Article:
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Priceline clambers on the profitability bandwagon

But can it hang on in there?
Written by silicon.com staff, Contributor

But can it hang on in there?

It could be a sign of the times that Priceline's profit today failed to garner the same triumphant fanfare that greeted Amazon.com last month on the occasion of its debut profit. For six years Amazon had been trying to grasp the dot-com holy grail. Its business model was praised by analysts. International expansion was hailed as a success. Amazon was positioned as a role model for up and coming dot-com companies. There was just one last important financial and psychological barrier to clear - profitability. And finally, two weeks ago it claimed its glory. But Priceline has already been there, done that and bought the t-shirt (for which it presumably 'named its own price'). In August, when Amazon was still wallowing in the red, Priceline posted its first ever profit - $2.8m on revenue of $385m. Today, the company beat analysts' expectations again, posting a fourth quarter profit of $3.3m on revenue of $235.3m. Analysts had been forecasting a break even result. Following Amazon's profit, the dot-com pundits gloated that 2002 would be the year when online business proved its viability. But Priceline was already one profitable quarter ahead of Amazon at that stage, and eBay had beaten them all hands down posting its thirteenth consecutive profitable quarter earlier this month. eBay posted a net profit of $25.9m compared with Amazon's net profit of $5m. But after 13 quarters profit can become a bit predictable. It might clash with popular media opinion, but all three companies, although at varying stages of profitability, only serve to prove that dot-coms are not quite necessarily in the clear. Amazon.com - well aware that its fourth quarter profit stemmed mainly from the Christmas shopping frenzy, warned it could be in the red again in the next quarter. Likewise Priceline, possibly also benefiting from the Christmas spending season, has warned that the next quarter could bring bad news. In the best case scenario Priceline expects to meet the lower end of analysts' expectations, in the worst case it will miss them completely.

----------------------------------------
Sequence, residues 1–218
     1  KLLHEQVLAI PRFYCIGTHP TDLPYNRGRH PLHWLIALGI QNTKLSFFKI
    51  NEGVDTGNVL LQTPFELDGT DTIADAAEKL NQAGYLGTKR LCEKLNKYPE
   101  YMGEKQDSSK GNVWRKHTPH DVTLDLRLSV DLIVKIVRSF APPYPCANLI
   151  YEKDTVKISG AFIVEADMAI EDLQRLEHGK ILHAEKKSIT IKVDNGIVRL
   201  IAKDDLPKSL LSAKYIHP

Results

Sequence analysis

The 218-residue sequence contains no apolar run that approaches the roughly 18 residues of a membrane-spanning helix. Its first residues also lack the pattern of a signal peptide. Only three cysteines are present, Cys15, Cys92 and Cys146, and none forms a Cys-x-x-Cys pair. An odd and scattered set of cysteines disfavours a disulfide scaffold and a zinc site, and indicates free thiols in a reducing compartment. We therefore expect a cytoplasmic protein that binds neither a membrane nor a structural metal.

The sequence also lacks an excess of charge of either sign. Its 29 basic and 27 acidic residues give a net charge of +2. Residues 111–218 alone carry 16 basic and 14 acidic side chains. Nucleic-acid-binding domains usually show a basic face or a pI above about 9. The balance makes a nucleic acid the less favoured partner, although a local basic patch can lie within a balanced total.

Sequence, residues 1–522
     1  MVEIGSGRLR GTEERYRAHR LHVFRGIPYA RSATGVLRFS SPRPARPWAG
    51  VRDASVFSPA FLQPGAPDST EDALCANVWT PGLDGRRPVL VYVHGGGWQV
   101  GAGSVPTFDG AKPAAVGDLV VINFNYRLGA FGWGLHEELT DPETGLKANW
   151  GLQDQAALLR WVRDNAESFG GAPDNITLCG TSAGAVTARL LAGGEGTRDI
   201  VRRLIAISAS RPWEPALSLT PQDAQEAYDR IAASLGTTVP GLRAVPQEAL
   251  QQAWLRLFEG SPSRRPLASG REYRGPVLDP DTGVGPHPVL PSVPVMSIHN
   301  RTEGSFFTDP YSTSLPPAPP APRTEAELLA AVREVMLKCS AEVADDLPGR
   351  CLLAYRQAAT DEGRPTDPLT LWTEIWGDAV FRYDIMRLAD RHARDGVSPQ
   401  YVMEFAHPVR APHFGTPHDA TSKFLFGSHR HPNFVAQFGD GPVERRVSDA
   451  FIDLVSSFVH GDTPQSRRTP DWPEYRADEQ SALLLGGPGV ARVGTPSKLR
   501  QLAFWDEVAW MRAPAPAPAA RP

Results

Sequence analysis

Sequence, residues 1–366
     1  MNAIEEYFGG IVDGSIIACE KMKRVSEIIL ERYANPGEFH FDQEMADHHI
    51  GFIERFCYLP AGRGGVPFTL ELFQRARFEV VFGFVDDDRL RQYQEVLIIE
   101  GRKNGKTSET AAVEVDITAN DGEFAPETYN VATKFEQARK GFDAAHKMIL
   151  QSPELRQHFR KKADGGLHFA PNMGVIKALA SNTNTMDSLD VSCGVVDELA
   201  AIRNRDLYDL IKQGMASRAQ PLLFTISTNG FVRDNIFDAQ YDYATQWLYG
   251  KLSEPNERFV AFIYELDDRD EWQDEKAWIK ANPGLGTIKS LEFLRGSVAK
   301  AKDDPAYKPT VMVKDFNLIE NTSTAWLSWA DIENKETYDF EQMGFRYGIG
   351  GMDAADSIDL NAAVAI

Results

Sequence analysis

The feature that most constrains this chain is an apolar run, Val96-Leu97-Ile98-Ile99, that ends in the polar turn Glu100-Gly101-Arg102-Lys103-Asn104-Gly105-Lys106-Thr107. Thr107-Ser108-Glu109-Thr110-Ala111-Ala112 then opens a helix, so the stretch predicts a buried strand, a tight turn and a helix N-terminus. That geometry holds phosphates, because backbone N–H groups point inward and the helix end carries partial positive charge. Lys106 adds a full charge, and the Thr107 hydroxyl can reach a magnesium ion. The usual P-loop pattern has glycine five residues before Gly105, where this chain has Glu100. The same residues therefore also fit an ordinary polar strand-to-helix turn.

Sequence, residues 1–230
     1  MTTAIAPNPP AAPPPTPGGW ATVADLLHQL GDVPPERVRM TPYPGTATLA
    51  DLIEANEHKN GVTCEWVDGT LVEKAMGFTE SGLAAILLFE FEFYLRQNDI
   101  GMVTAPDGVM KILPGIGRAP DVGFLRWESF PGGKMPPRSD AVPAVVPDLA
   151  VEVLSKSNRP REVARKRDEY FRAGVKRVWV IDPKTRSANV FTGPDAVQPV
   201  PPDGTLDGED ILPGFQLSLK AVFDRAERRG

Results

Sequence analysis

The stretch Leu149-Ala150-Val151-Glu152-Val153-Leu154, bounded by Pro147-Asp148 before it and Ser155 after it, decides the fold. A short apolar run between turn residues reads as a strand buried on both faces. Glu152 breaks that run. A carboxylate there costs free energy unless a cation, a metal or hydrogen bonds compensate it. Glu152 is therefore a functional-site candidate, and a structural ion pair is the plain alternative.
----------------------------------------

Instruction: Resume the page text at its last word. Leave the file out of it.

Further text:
eBay may continue to make a profit, but analysts are beginning to question for how much longer. Most of the company's growth has been in the US, a market that is reaching saturation point. While eBay has launched in Europe, its success outside of the US has been a bit touch and go. Like Amazon, eBay's operations in Germany and the UK are doing well. In Japan and France the case is quite different. There is no arguing that the dot-com industry has turned a corner. Priceline, eBay and Amazon at the moment are a profitable troika basking in the dot-com good books. But there are no indications that the road ahead will hold the same good fortune.
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